Remote sensing of forests using discrete return airborne LiDAR

Hamid Hamraz, Marco A. Contreras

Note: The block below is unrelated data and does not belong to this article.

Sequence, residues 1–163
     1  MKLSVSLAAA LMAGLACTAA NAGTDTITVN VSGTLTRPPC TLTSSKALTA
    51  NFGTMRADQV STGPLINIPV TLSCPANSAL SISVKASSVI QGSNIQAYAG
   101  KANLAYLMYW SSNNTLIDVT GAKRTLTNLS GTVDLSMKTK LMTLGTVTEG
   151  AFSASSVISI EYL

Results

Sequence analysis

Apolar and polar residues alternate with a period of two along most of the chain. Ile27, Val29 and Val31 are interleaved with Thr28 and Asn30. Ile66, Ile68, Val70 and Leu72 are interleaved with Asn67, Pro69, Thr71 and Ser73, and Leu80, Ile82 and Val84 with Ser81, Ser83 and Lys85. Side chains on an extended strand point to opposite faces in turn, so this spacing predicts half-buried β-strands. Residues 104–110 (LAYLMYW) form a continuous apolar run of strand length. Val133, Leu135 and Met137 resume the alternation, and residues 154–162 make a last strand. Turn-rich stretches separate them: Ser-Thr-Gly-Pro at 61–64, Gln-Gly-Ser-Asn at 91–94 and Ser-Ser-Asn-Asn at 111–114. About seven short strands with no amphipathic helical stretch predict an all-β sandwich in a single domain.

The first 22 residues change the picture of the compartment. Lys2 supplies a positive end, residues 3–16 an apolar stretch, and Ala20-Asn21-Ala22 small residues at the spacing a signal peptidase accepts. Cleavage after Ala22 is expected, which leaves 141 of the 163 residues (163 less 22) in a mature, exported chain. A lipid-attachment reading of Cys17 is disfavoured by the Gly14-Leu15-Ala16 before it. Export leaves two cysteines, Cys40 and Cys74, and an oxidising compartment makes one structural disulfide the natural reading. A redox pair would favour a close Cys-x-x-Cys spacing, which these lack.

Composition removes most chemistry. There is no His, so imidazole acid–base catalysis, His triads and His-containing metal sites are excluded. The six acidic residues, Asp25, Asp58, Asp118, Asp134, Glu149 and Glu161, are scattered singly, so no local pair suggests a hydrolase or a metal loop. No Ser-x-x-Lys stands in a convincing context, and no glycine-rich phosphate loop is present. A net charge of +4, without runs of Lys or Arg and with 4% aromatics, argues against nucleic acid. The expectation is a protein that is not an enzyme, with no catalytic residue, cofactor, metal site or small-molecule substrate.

Airborne discrete return light detection and ranging (LiDAR) point clouds covering forested areas can be processed to segment individual trees and retrieve their morphological attributes. Segmenting individual trees in natural deciduous forests however remained a challenge because of the complex and multi-layered canopy. In this chapter, we present (i) a robust segmentation method that avoids a priori assumptions about the canopy structure, (ii) a vertical canopy stratification procedure that improves segmentation of understory trees, (iii) an occlusion model for estimating the point density of each canopy stratum, and (iv) a distributed computing approach for efficient processing at the forest level. When applied to the University of Kentucky Robinson Forest, the segmentation method detected about 90% of overstory and 47% of understory trees with over-segmentation rates of 14% and 2%. Stratifying the canopy improved the detection rate of understory trees to 68% at the cost of increasing their over-segmentations to 16%. According to our occlusion model, a point density of ~170 pt/m-sqr is needed to segment understory trees as accurately as overstory trees. Lastly, using the distributed approach, we segmented about two million trees in the 7,440-ha forest in 2.5 hours using 192 processors, which is 167 times faster than using a single processor. Keywords: individual tree segmentation, multi-layered stand, vertical canopy stratification, segmentation evaluation, point density, canopy occlusion effect, big data, distributed computing.

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